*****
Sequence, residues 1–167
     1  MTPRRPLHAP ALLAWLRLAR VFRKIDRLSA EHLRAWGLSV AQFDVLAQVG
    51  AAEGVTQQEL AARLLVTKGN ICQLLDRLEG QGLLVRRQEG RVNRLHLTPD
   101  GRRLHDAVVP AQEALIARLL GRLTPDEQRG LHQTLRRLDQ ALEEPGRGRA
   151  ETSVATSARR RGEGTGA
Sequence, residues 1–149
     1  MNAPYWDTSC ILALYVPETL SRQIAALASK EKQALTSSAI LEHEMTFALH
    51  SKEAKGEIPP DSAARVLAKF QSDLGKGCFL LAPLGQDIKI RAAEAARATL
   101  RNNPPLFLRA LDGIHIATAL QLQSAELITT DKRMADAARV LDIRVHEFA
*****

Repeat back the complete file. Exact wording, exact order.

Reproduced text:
Sequence, residues 1–167
     1  MTPRRPLHAP ALLAWLRLAR VFRKIDRLSA EHLRAWGLSV AQFDVLAQVG
    51  AAEGVTQQEL AARLLVTKGN ICQLLDRLEG QGLLVRRQEG RVNRLHLTPD
   101  GRRLHDAVVP AQEALIARLL GRLTPDEQRG LHQTLRRLDQ ALEEPGRGRA
   151  ETSVATSARR RGEGTGA
Sequence, residues 1–149
     1  MNAPYWDTSC ILALYVPETL SRQIAALASK EKQALTSSAI LEHEMTFALH
    51  SKEAKGEIPP DSAARVLAKF QSDLGKGCFL LAPLGQDIKI RAAEAARATL
   101  RNNPPLFLRA LDGIHIATAL QLQSAELITT DKRMADAARV LDIRVHEFA